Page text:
If there’s an expert on what it means to age in Los Angeles, it’s Dr. William Vega, Executive Director of USC’s Royal Institute on Aging. We talked to him at the beginning of this project as we started to learn more about what it’s like to grow old in a city made for the young.
After talking at length about many of the challenges facing LA as its population ages, we asked Dr. Vega one final question, something to the extent of “Do you have any parting words as we embark on this series?”
His answer was illuminating, and has guided us throughout: “I take this from a book by an anthropologist at Harvard, and the title of his book is ‘What Really Matters’. I think that’s what we don’t know. What really matters for ethnic communities that are low-income in terms of their satisfaction in life? What are the critical things that make their lives worth living? Because in the end, it’s an existential question.”
Rev. Chip Murray, 87 years old
“I would say, as you age remember what your life is about. It’s not how old you are, but how healthful you are. It’s not your bank account, it’s not what you have to live with, it’s what you have to live for. Ask yourself: What am I living for? And if you don’t have an answer, keep on asking the question. But if you don’t have a focus, then your life is in vain. It’s useless.”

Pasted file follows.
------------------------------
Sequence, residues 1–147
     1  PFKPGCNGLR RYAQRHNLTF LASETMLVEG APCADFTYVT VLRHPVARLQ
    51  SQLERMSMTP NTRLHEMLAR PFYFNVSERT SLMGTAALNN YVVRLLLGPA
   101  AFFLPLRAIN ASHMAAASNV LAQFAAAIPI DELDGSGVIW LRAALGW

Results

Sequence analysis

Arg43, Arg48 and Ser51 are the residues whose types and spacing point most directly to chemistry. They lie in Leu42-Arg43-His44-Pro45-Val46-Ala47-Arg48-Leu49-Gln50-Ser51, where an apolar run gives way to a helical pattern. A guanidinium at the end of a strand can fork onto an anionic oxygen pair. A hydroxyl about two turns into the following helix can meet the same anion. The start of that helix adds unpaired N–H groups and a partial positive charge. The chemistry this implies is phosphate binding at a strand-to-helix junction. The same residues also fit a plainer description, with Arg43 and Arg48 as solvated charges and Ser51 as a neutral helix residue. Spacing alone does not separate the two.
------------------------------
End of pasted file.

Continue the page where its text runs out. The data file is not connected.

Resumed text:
Bobbe Akalonu, 82 years old
“You asked me what keeps me going. It’s having a deep-rooted, a deep-seated curiosity about life, about all of the ways in which life supports itself. So I think my spirit, my interest in those things that matter in life are what sustain me. And I’m not finished with living.”
Kenwood Jung, 65 years old
“My family is very important to me. But also I have a real sense of extended family, and that’s through my community. My community is my extended family; that’s very important to me. And then of course, all the work I do. I’m not organizing, but I’m more just trying to empower people and watch and see if any large movements develop. Because that’s what I want to be part of: movement building.”
Phyllis Chu, 64 years old
“I realize that two thirds of my life, at least, is gone and at the most I have one third of my life remaining. I now have a lot more free time than when I was working. I want to spend time giving back to the Chinatown community, which I wasn’t able to do so well when I was working and now I can go back to my younger days when we were all organizing together in Chinatown. I find that there are many things that have changed, but too many things that have remained the same.”
Orlando Estrada, 82 years old
“Probably being in good health is one of the most important things at my age. It’s to stay in good health and to be as kind to everybody as I can be.”
What makes life worth living for you? Please share your thoughts with us here.